What is spiritualism? It's the belief that the living can communicate with the dead, and its golden age was likely the 19th century. Many of the modern trappings of spiritualism come from this era, from Tarot cards to Ouija boards to psychic shops. But Victorian spiritualism encompassed plenty of odd practices that fell out of popularity, including seances and spirit photography. Hosting parties to commune with spirits was quite fashionable in some circles.
Throughout the Victorian Age, there was a marked movement away from standardized religions and a greater respect for death. Death photography, formalized mourning, and even particular forms of cemetery symbolism all flourished. It is no wonder that belief in the occult in the Victorian Era skyrocketed, and that the spiritualist movement became forever associated with this time in the past.
The classic seance consists of a spiritualist or psychic, several of her cohorts, a wooden table, perhaps a tablecloth and crystal ball, and the loved ones who were trying to contact the Great Beyond. The spirits showed themselves by rapping on the table, knocking it over, and of course, by speaking through the psychic.
This seance model was created during the Victorian Era, thanks to a pair of sisters named Margaret and Kate Fox. In 1848, they claimed that they could speak with the ghost of a man who was murdered in their Hydesville, NY home. He would knock on a table in order to communicate. Their story hit the newspapers and quickly spread around the country. Similar "spiritualists" took note and started holding seances. Of course, in most cases, the knocking and table movements were simple trickery on the parts of the spiritualist and his or her helpers, not the work of ghosts.
Astral projection was a "practice" used by spiritualists to remove their consciousness from their bodies and move about the astral plane. Basically, it was an out-of-body experience. They convinced themselves and others that they could have these experiences on purpose at any time.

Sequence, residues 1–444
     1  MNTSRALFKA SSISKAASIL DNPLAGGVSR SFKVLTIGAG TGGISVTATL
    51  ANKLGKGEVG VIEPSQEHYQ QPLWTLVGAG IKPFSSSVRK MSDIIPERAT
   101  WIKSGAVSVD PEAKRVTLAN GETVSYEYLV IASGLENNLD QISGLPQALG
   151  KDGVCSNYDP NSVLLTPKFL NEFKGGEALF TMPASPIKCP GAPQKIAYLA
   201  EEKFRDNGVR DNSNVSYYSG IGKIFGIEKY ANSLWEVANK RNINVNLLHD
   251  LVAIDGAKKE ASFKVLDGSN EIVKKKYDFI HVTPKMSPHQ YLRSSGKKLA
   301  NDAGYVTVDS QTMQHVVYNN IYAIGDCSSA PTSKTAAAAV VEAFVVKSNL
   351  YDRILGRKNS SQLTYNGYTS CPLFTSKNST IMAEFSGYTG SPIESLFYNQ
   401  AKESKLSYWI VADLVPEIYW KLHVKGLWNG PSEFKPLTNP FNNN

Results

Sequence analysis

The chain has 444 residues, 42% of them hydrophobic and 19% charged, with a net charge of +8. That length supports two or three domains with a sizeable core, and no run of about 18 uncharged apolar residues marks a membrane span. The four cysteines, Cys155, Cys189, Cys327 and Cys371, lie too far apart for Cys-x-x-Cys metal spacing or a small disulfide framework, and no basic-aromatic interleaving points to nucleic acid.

Annie Horniman, a British actress and leading spiritualist, was a practitioner of astral projection. She claimed that she could astrally project herself wherever she wanted and whenever she wanted, including to other planets. Horniman said that she visited Saturn and spoke with the people living there on a regular basis.
Not one, but two, First Ladies of the United States invited spiritualists into the White House in order to contact the dead. Abraham Lincoln's wife, Mary Todd Lincoln, was well-known for her spiritualist beliefs, and held many seances at the White House, particularly after the death of her son Willie. The President himself was present during at least one of these seances, which were conducted by famous mediums like Cranston Laurie.
However, Jane Pierce, wife of President Franklin Pierce, was the first First Lady to bring in spiritualists. The couple's son, Bennie, died in train accident shortly before his father took office in 1853. In order to reach him and deal with her grief, she asked the Fox sisters, Margaret and Kate, to come to the White House and hold a seance.
William H. Mumler is one of the 19th century photographers credited with starting the trend of spirit photography. He accidentally produced a double exposure photo that showed what looked like a transparent ghost lurking behind a living person. Soon, he began doctoring photos for grief-stricken families mourning those they had lost in the U.S. Civil War.
With the death photography trend in full swing (which consisted of actual pictures of dead loved ones), it seemed inevitable that people would want pictures of deceased loved ones' ghosts as well. Spirit photography used double exposures, odd mists of light, and anything deemed "otherworldly" to show that ghosts were present and surrounding their still living friends and family members.